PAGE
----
Ebola: Causes, Symptoms & Treatment
Ebola virus disease (EVD) is a rare and often-fatal infection caused by one of the five strains of the Ebola virus. Here are some facts about this deadly disease:
- Ebola first appeared in 1976 in a simultaneous outbreak in the areas that are now Sudan and the Democratic Republic of the Congo, according to the World Health Organization (WHO). Since then, there have been sporadic outbreaks in Africa.
- Worldwide, there have been 28,639 cases of Ebola virus disease and 11,316 deaths as of March 13, 2016, according to the Centers for Disease Control and Prevention (CDC).
- One of the largest Ebola outbreaks began in March 2014 and, as of March 20, 2016, there have been 28,608 reported Ebola cases from this outbreak, according to the CDC. Of these cases, 15,219 have been confirmed by laboratory testing.
- The total number of deaths from Ebola is 11,305. More recently, a new Ebola flare-up occurred in Guinea in early 2016, with 800 confirmed Ebola cases as of March 22, 2016.
Causes and origins
The Ebola virus may have initially been transmitted to humans from bats. Some experts think that the quick spread of this virus from Central to West Africa may be due to bats’ travel patterns across Africa. Researchers have said that Ebola may have continued to spread within West Africa once it arrived because the outbreak is happening in an underdeveloped area of the world that is unprepared to deal with it.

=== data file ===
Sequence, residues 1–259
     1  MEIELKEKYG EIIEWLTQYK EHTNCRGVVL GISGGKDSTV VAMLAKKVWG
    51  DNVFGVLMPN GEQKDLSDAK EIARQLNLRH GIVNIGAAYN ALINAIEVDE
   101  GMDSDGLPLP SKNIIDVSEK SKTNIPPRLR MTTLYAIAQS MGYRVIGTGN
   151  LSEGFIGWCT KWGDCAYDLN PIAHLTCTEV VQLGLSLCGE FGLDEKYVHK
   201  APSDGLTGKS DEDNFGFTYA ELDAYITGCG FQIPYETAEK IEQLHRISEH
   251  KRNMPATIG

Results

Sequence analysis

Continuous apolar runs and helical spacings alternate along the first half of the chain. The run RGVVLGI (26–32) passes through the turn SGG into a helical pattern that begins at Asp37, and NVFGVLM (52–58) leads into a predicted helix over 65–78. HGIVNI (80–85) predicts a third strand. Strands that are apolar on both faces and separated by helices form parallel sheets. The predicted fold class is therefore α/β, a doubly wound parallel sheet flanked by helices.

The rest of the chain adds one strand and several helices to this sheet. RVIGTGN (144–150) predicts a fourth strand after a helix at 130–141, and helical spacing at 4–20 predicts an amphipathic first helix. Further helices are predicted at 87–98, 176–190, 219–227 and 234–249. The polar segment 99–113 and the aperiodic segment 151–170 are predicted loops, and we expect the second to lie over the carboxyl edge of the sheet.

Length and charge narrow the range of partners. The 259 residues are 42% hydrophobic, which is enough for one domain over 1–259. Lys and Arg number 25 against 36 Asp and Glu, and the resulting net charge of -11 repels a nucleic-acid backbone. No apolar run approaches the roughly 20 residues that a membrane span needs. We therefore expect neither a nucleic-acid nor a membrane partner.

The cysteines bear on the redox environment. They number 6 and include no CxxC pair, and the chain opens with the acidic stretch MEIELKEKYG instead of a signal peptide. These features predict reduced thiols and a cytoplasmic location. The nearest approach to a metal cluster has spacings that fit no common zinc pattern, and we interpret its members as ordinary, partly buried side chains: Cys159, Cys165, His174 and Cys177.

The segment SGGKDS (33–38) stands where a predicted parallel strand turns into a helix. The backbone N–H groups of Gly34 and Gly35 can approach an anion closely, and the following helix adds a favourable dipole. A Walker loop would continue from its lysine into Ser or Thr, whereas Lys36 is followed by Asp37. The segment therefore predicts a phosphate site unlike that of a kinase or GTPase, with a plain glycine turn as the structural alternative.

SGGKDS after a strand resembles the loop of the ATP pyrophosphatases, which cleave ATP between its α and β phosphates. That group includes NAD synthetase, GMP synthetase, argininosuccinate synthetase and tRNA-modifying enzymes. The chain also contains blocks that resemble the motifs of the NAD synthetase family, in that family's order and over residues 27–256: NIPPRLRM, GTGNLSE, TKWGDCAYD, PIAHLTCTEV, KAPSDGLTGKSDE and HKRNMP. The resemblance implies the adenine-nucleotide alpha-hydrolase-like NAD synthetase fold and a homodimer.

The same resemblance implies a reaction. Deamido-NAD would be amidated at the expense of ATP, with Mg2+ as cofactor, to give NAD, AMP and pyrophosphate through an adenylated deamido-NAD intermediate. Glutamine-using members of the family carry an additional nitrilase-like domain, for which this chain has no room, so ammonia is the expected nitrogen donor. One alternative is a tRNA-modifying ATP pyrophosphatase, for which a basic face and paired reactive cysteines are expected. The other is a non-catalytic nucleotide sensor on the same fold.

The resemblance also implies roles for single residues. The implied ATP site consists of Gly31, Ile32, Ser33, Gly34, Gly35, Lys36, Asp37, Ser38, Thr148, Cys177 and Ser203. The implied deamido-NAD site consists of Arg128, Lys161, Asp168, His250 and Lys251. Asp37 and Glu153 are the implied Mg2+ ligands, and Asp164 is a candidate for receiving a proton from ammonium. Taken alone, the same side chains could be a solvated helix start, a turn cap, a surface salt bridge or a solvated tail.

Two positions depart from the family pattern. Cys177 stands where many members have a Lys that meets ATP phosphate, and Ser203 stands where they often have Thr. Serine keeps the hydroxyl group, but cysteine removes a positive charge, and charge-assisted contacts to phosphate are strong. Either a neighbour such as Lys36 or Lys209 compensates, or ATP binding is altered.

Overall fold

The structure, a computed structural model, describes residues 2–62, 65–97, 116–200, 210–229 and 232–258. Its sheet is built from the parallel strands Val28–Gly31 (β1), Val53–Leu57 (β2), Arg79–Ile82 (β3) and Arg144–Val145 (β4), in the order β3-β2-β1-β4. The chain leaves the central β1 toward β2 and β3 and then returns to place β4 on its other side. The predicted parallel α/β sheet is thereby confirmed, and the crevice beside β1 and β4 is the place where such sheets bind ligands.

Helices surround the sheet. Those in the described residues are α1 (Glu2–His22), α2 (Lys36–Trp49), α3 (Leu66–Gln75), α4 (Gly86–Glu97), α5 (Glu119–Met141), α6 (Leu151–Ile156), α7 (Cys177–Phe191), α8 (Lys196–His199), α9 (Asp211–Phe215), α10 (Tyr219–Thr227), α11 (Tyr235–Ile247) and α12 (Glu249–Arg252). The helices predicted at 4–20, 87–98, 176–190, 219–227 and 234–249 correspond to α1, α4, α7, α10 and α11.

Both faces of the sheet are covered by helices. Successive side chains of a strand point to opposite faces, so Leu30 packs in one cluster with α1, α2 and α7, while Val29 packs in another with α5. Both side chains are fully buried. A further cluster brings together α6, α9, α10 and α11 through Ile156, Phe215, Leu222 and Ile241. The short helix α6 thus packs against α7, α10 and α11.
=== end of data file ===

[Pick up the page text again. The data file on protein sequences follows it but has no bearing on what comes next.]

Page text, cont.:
Symptoms and diagnosis
- A fever greater than 101.5 degrees Fahrenheit (38.6 degrees Celsius)
- Muscle pain
- Severe headache
- Abdominal pain
Common tests include:
- Virus isolation by cell culture
- Antibody-capture enzyme-linked immunosorbent assay (ELISA)
- Serum neutralization test
- Antigen-capture detection tests
- Electron microscopy
- Reverse transcriptase polymerase chain reaction (RT-PCR) assay
There is no cure for Ebola, nor are there any vaccines that can prevent the disease. Those who recover from the disease do so through the strength of their own immune system, according to the CDC.Doctors have found that one of the most important treatments for patients afflicted with the virus is simply keeping them well hydrated and helping them breathe, to give their immune system a better chance to fight off the disease.
In October 2014, WHO and the Liberian Ministry of Health with support from USAID, created a training program for health workers who are treating patients with Ebola. The program focuses\ on patient care, infection prevention and control. Six Ebola survivors are helping with the project, to give an inside look at what it is like to have the disease. Companies are also producing machines that will make disinfection easier for clinics and hospitals. For example, medical device maker Xenex, based in San Antonio, Texas, has developed a robot that uses pulses of ultraviolet UV-C rays to disinfect hospital rooms. The company claims it can rid any room of Ebola in two minutes.